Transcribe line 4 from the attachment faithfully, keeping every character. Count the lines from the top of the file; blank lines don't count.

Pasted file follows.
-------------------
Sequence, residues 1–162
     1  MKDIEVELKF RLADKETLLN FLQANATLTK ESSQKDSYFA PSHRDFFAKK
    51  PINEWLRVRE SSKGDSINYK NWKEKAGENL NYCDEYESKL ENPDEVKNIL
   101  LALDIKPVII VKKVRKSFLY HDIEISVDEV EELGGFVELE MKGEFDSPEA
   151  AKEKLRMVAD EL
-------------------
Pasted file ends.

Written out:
   101  LALDIKPVII VKKVRKSFLY HDIEISVDEV EELGGFVELE MKGEFDSPEA